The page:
The Barcode Lowdown

Posted by Landy on 1/31/2014
A barcode scanner, also called a barcode reader, price scanner or point of sale scanner can be either hand-held or stationary.  It is used to scan, capture and read information contained in a bar code.  A barcode scanner consists of a scanner or reader, a decoder, which can be either built in or external, and a cable that connects the reader with a computer. 

The barcode scanner is only capable of capturing and translating the barcode into numbers and/or letters, so the information must be transmitted to a computer with a corresponding software application that will subsequently translate the data into all the information contained within the barcode. 

 There are various ways in which a barcode scanner can be connected to a computer.  One way is through a serial port, another is via a keyboard port, and another is via an interface device called a wedge.  The way the barcode scanner works is by sending a beam of red light across the bar code and measuring the amount of light that is reflected back.  For  instance, the dark bars on a barcode reflect less light than the white spaces between them. An analog signal with varying voltage is generated from the illumination system, and the varying voltage represent the intensity (or lack thereof) from the reflection.  The scanner then converts the light energy into electrical energy, or converts the analog into interpretable data, or a digital signal which the decoder then interprets, does the required math to confirm and validate that the barcode is, in fact, decipherable.  If it is, it then converts it into ASCII text, formats the text and this data is forwarded to a computer which the scanner is attached to.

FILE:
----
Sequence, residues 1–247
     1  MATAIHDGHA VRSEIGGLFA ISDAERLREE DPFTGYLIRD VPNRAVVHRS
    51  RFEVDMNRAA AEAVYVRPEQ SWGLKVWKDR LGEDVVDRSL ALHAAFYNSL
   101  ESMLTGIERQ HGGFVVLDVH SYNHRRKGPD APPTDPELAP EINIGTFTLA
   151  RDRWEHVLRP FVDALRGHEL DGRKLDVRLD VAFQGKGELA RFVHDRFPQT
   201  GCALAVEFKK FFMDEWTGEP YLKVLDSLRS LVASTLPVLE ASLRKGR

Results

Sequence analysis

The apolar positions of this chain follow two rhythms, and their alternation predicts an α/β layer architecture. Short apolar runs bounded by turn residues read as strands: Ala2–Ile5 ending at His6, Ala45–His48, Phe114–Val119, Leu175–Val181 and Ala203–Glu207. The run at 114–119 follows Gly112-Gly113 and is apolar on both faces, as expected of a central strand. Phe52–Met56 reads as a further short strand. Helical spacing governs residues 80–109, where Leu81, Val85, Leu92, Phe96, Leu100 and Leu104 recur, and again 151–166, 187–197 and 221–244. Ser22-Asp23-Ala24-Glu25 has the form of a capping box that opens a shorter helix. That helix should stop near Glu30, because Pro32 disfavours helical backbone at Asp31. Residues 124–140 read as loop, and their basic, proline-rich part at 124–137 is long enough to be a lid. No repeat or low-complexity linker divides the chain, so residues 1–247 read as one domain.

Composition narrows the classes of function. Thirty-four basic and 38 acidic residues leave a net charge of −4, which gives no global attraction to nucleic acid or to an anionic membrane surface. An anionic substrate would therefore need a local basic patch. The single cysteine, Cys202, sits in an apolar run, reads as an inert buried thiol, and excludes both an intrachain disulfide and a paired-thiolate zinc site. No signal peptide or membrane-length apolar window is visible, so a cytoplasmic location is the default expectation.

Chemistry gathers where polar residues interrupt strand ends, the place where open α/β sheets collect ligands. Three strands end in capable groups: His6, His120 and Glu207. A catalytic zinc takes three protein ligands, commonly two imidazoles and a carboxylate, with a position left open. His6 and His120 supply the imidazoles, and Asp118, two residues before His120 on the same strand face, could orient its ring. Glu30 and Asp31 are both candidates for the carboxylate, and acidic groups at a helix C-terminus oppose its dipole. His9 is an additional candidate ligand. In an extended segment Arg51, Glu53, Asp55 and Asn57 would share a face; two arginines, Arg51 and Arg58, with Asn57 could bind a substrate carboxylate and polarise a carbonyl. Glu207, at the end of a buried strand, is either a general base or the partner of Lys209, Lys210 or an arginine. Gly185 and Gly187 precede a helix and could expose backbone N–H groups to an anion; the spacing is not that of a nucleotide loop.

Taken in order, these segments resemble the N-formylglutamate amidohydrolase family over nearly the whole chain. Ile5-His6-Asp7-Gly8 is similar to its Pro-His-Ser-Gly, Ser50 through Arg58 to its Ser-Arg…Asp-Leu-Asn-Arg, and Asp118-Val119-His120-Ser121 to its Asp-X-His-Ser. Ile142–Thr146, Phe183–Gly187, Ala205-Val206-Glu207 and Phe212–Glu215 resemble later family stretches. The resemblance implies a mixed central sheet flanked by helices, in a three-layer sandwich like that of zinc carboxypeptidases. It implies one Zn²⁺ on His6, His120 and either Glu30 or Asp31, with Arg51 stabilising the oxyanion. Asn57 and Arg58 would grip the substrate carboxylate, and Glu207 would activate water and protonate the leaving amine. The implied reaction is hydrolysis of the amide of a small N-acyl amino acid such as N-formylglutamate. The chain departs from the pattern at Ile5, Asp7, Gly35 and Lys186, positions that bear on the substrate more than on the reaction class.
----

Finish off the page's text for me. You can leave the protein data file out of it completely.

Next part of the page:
The five basic kinds of barcode readers are pen wands, slot scanners, Charge-Couple Device ( CCD ) scanners, image scanners, and laser scanners, and each works a little differently from the others.